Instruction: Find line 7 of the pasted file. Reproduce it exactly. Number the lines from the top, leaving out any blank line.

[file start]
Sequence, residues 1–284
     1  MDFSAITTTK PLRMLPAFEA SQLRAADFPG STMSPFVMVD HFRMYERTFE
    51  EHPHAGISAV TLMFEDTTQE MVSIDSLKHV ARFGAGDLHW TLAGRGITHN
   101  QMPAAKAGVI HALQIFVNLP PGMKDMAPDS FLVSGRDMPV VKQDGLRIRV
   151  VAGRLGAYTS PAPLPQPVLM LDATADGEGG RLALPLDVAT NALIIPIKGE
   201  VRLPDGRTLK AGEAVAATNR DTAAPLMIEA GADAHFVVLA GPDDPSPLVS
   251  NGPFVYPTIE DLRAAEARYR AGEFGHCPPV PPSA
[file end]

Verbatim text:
   251  NGPFVYPTIE DLRAAEARYR AGEFGHCPPV PPSA